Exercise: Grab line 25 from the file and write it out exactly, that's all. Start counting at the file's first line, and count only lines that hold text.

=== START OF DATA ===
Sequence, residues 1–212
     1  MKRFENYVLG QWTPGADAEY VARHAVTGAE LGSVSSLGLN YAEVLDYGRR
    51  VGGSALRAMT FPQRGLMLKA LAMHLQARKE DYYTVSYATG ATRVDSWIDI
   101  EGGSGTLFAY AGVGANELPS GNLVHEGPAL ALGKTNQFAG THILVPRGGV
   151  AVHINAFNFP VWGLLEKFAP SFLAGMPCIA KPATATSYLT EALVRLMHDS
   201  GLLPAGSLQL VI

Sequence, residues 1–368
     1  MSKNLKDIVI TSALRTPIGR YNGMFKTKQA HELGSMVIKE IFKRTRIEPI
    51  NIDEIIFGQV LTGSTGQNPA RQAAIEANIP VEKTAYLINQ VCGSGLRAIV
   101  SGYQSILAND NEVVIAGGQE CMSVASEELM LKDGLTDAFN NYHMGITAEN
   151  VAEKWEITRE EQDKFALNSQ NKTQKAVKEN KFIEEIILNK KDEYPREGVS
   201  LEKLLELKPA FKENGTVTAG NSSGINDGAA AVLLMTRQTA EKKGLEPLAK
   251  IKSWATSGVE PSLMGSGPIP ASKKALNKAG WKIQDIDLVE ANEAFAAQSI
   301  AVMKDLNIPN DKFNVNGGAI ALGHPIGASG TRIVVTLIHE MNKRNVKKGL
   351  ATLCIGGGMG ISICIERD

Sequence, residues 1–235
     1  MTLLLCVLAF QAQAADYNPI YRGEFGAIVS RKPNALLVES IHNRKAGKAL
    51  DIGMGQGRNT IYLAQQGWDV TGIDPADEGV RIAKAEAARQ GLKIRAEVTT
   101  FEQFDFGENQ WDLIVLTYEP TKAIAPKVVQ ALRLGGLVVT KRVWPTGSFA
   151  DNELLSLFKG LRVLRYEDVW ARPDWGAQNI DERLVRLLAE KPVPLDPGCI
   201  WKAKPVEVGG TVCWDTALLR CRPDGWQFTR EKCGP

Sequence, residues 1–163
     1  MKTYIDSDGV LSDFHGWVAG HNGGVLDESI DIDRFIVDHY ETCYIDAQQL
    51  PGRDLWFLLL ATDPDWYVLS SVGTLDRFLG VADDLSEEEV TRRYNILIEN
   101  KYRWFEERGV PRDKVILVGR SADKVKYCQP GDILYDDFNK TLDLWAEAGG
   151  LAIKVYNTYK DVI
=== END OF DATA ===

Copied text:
   101  KYRWFEERGV PRDKVILVGR SADKVKYCQP GDILYDDFNK TLDLWAEAGG